Hi my name is Samira, I am 37 years old and I speak five languages fluently. I have a rare genetic disease, I became a wheelchair user when I was 26.
I remember when I used to HATE it. I was frustrated and I was overwhelmed because I didn't know why this was happening to ME! I used to walk to go to work , enjoy life , I just couldn't understand why…it was very hard to wake up and to get into that thing again?"
I can't even count how many times I have heard «I’m so glad I don’t have to be in a wheelchair» or «You are too good looking for a wheelchair» or people thinking I can’t handle anything. It makes the wheelchair user wonder why he needs to sit in this wheelchair … or many people feel an awkward struggle with choosing their words around me. There’s no need to alter your language. It’s okay to say, “Let’s take a walk”.
However, dealing with other people will probably be more of a challenge. Also dealing with a world that will be harder to navigate. But these are things that can be overcome because there is an entire community of people that are in my situation that are dealing with this every day.
One day I came across a quote from C.S. Lewis that says, “You can’t go back and change the beginning, but you can start where you are and change the ending.”. It was either adapt and adjust and be willing to get uncomfortable or miss out on this amazing life.
But the last thing I needed was sympathy – and worse, pity – it doesn’t make things better , it only makes abled people feel better about themselves.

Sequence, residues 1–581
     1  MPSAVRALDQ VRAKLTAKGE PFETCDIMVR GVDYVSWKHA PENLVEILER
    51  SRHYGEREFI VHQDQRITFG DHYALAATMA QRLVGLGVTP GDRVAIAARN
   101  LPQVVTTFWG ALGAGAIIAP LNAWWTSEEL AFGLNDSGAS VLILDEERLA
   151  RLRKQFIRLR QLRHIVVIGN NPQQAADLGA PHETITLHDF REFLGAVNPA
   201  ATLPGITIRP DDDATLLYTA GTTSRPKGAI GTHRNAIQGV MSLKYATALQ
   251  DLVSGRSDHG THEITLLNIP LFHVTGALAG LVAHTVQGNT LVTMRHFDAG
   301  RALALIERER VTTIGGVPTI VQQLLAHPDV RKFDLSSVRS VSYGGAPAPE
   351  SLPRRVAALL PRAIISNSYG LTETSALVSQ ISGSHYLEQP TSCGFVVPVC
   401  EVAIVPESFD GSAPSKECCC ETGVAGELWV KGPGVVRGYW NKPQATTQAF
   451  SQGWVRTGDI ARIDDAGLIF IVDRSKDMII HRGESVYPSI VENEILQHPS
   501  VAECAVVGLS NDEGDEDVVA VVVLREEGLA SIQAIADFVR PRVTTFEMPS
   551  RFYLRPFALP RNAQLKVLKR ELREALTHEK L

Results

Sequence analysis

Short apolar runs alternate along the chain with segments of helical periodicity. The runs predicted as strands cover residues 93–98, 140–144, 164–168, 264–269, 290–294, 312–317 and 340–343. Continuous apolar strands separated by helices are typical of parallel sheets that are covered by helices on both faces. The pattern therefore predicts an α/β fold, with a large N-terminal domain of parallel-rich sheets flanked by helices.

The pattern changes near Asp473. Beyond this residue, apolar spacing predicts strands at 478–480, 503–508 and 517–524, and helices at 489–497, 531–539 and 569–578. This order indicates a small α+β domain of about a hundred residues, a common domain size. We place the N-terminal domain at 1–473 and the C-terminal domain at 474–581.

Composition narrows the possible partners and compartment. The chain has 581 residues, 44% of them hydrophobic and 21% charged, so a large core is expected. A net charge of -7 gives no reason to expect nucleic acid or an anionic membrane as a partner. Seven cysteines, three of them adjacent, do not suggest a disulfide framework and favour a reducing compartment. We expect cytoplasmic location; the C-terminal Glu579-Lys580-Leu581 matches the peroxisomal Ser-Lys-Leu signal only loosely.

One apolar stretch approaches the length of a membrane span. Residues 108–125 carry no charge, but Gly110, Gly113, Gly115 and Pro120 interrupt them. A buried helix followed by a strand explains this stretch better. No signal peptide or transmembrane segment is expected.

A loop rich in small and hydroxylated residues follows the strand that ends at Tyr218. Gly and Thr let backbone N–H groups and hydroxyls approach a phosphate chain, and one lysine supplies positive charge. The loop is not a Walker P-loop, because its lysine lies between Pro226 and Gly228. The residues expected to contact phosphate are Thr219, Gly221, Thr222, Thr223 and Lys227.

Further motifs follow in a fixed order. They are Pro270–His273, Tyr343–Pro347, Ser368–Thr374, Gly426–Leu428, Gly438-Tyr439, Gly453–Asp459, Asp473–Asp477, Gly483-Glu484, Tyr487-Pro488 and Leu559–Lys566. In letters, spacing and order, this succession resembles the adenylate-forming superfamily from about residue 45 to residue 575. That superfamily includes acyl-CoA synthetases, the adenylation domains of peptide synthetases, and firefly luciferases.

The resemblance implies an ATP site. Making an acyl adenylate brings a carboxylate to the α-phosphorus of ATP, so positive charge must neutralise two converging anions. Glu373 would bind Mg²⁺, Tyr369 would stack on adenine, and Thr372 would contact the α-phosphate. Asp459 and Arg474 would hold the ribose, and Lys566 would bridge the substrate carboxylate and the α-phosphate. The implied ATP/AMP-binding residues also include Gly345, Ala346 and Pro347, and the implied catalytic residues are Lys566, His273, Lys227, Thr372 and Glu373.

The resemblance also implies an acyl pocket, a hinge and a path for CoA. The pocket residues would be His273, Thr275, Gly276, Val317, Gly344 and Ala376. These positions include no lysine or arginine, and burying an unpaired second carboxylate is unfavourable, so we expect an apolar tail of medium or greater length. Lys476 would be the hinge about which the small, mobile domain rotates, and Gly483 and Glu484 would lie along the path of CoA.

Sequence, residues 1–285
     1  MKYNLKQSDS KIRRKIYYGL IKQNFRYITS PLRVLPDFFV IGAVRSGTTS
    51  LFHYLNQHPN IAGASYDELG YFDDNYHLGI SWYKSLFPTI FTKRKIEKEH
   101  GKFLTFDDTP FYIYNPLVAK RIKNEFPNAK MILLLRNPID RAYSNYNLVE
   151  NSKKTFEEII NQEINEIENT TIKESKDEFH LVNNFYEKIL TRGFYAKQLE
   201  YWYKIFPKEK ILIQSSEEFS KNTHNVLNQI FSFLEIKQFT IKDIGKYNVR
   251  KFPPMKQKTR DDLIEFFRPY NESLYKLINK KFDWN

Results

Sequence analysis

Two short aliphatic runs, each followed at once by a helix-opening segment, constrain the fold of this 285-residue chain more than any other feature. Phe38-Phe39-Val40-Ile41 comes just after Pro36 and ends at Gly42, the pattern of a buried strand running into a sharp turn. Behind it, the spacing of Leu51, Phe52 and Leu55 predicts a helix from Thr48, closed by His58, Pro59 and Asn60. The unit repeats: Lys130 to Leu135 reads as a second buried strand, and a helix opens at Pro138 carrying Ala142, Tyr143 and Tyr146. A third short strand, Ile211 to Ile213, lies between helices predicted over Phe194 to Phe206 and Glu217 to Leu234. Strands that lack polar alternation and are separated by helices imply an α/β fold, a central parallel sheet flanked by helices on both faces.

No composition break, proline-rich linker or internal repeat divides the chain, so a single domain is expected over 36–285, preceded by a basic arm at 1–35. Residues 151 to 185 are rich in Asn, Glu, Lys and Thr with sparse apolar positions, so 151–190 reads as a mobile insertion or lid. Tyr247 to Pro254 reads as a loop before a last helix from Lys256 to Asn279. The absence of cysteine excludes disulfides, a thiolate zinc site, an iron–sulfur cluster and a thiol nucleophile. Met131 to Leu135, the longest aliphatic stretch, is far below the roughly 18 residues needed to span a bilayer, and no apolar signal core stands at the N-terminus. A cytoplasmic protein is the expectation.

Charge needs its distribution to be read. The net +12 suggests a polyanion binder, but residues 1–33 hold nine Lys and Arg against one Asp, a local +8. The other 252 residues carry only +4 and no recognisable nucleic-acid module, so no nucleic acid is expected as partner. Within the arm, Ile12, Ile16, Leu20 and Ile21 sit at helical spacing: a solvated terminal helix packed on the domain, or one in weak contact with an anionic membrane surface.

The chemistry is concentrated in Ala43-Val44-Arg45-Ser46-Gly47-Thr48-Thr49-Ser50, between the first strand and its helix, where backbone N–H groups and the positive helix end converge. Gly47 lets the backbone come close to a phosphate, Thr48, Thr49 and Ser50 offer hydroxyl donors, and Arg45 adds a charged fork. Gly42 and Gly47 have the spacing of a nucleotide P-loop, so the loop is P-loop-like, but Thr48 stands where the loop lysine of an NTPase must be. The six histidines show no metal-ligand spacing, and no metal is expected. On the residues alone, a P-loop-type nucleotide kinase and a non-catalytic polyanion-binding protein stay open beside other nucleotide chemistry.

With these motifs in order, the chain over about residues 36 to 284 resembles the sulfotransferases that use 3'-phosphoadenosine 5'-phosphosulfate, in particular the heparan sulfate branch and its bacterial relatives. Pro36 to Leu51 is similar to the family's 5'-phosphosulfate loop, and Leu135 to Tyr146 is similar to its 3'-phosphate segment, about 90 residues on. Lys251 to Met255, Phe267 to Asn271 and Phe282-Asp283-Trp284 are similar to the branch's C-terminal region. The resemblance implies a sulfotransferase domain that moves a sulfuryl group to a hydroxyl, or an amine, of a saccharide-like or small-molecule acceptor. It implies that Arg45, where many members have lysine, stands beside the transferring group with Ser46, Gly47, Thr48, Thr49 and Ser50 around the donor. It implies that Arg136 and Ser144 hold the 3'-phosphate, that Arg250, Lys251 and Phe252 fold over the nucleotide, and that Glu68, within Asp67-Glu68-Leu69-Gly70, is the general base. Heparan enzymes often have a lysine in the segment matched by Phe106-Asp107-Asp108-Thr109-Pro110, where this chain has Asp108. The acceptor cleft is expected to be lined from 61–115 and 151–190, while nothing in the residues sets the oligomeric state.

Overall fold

I started of looking to my wheelchair as an adversary, I began to look at it as an advantage as a tool of freedom. Now he is part of me. It's an accessory nothing more. A wheelchair is not confining. It is a mobility device, it gives me something, and takes nothing away , I am so grateful for my chair because it's like my legs that allows me to get around and live my life fully.
Life has many obstacles to overcome. Since becoming a wheelchair user, I have realised that it is no longer possible to just leave the house and head to my destination.Will there be steps at the entrance? Will the street outside be wheelchair friendly? Will there be a lift? Does that café/restaurant/shop even have space for me to manoeuvre a wheelchair around?
The list goes on…It's almost impossible to go through life without experiencing some kind of failure... I knew My life won’t be the same, but it can be beautiful. Not the way I envisioned it, but still a beautiful life in which I can be active and nothing can stop me.
People need to understand that wheelchair users are people like everyone else whether they are good looking or not should not be discussed. Naturally, we don’t ask an able-bodied person that you are good looking, one might feel wired.
Dear able bodies, I can do anything you can do, I’m just in the seated position. So long story short. We are all just people.